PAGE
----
The federal government presence in the county is increasing significantly as a result of the 2005 Department of Defense Base Realignment and Closure (BRAC) action which is adding approximately 5,700 direct jobs at Fort Meade. County officials report that BRAC direct job growth has begun and will be complete by August 2011. Due to BRAC, the expansion of the NSA (located on the Fort Meade campus), and the establishment of the U.S. Cyber Command (DOD's centralized cyber security effort also located on the Fort Meade campus), officials estimate the creation of over 26,000 new jobs in the county by 2015. Officials also report that 22 new companies have located in the county in the past two years, many to support and work with military operations. To support anticipated growth in this sector, Fort Meade continues to negotiate an Enhanced Use Lease (EUL) agreement with Trammell Crow to develop a 173-acre site adjacent to Fort Meade over a 10-year period, with total investment estimated at $428 million.

Further development is expected to be accommodated with the completion of Phase II at National Business Park. Three new buildings totaling 468,000 square feet are newly constructed and are under lease, bringing the park to a total 2,600,000 square feet. National Business Park Phase III planning and infrastructure construction is underway. Phase III will add an additional 2,000,000 square feet to the business center. In addition, development of the Odenton Town Center, aided by recent public-private agreements to fund $30 million of infrastructure and utilities, will bring 7.5 million square feet of mixed use (including 3.5 million of new office space) to the immediate vicinity of Ft. Meade. In the planning stage are major office-residential projects at Konterra and Arundel Gateway.

FISCAL 2009 OPERATING DEFICIT DEPLETED FINANCIAL RESERVES; IMPROVES SLIGHTLY IN 2010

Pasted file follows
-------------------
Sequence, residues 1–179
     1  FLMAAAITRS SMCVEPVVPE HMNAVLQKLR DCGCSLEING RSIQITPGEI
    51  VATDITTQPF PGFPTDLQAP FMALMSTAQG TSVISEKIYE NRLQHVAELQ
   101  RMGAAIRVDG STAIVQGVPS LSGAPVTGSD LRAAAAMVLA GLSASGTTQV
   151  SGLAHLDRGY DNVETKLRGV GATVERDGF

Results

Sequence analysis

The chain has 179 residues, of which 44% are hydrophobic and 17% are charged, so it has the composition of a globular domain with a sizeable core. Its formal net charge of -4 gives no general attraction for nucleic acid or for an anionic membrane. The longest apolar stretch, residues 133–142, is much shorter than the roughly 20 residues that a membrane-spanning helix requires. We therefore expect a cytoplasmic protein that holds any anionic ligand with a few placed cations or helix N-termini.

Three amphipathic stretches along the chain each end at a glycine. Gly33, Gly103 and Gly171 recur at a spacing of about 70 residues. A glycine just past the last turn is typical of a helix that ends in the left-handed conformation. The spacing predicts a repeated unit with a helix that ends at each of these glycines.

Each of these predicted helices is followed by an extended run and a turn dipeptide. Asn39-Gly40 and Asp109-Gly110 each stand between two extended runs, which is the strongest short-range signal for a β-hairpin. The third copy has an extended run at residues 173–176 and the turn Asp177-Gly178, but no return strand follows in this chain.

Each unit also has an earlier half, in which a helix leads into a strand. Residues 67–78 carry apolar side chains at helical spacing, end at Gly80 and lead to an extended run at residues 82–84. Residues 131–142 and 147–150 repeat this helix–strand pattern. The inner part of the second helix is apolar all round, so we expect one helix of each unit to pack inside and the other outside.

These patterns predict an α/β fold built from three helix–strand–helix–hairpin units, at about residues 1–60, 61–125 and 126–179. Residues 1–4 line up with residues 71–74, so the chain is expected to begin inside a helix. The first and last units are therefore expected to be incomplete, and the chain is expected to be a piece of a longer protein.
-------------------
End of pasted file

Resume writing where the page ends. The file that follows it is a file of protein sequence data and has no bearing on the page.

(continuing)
While the county's financial position has narrowed considerably from fiscal 2007 due to an ongoing structural imbalance, Moody's believes that the county is reducing that imbalance and that the most severe fiscal strain of this economic cycle is behind it. In fiscal 2010, the county's General Fund reserves improved slightly, following multiple years of declines, although the county's financial position continued to be structurally imbalanced. The General Fund balance increased slightly to a still narrow $51.5 million in fiscal 2010 from $44.9 million in fiscal 2009. This amount represents a still-slim 4.5% of General Fund revenues and is lower than other Aa1-rated counties in Maryland and throughout the U.S. Notably, the fiscal 2010 results are also significantly different from the county's position in fiscal 2007, when the total General Fund balance was 13.3% of revenues, at $164.7 million. Financial deterioration began in fiscal 2008, with a $47 million operating deficit occurring due to the under-performance of economically sensitive revenues and the cash-funding of $72 million of capital improvements. Fiscal 2009 operations saw a further financial decline, resulting in a substantial $72.8 million operating deficit. Despite implementing various expenditures controls -- measures that resulted in $26.4 million of savings and the creation of a $4.8 million contingency line item -- the county was unable to offset revenue shortfalls driven by the down economy.